when I was a kid with an old worn out air rifle I dreamed of one day having a scope, until then I had to learn to get close enough to the rabbit to see it and hit it fair and square, not always easy when every pellet seemed to be a different type depending from whoever I had blagged a few from. I shoot now with a scope, in addition to good iron sights, and with quality ammo, however those skills learnt early in my hunting days have stood me well and guess what, I'm still learning.
 

Dexter

Well-Known Member
Sorry to say, but that's utter nonsense.
4x is okay up 350 yards plus on deer, and I've used an 8x56 Schmidt on a Figure 11 target at 1000 yards. Not ideal, but absurd to suggest a maximum range of 250 yards.
There's nothing like dragging up an old thread is there? Anyway, 4 x at 350 yards plus is pure guesswork and a lot of luck. 350 yards is a long way on targets. It's out of range to most people when it comes to shooting live animals with a stalking rifle in anything other than perfect conditions. Now you may be a brilliant marksman and well done if you are but in addition to all my other concerns, can you really see what may be laying just behind the intended target on 4x mag at 350 yards?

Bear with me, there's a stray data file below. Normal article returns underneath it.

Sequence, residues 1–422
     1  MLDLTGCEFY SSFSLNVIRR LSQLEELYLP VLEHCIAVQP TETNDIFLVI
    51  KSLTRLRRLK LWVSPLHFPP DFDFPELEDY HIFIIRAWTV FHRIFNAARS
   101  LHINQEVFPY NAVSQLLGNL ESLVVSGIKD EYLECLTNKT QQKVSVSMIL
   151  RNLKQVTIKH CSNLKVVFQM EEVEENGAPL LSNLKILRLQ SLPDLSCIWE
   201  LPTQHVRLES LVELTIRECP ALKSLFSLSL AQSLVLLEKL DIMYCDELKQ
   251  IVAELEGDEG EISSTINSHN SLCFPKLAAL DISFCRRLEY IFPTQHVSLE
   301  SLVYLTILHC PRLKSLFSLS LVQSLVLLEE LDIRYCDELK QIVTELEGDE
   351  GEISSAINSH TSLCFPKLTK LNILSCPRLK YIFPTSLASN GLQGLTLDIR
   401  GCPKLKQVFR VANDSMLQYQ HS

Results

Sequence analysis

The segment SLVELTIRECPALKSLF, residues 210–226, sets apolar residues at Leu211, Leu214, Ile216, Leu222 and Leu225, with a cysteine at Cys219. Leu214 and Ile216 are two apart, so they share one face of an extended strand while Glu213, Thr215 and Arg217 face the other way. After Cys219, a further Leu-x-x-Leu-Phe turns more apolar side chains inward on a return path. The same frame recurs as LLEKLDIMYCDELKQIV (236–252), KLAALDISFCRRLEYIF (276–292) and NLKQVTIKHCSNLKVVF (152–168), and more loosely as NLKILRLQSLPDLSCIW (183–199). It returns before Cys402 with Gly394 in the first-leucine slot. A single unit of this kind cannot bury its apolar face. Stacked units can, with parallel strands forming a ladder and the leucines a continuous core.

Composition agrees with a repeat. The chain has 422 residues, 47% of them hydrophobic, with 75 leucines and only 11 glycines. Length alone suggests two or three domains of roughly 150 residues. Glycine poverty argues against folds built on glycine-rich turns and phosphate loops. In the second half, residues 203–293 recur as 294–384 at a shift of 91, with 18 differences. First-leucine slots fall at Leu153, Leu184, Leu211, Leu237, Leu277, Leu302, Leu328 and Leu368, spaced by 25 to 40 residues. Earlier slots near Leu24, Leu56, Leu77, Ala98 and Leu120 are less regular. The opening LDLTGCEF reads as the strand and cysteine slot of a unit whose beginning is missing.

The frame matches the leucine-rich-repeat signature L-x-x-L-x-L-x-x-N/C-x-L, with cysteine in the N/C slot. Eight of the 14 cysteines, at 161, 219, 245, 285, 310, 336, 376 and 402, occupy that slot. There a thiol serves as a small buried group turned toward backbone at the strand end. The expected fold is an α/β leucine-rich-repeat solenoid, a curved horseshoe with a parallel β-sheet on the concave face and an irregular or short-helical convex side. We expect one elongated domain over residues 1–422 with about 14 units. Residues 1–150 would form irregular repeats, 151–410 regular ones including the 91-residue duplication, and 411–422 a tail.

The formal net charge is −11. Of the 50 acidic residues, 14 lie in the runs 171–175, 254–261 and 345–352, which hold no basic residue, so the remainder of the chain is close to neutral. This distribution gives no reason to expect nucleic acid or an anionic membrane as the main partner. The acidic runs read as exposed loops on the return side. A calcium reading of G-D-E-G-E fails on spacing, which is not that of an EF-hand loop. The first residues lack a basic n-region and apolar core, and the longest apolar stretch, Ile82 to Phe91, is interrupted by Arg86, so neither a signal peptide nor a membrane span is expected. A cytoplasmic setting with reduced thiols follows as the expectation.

STAN243

Well-Known Member
For the distances you describe I think an 8x56 would be fine. I have one that was on my stalking rifle. I have taken deer and fox at over the distance you describe with no issue.
I would add, I have recently purchased and fitted a 3-12x50 on the above rifle (it was a price I would have foolish to miss out on). I do find myself changing magnification a bit but towards the lower end of the range, as light falls or cover increases and ranges decrease. The majority of the time the variable stays on x8.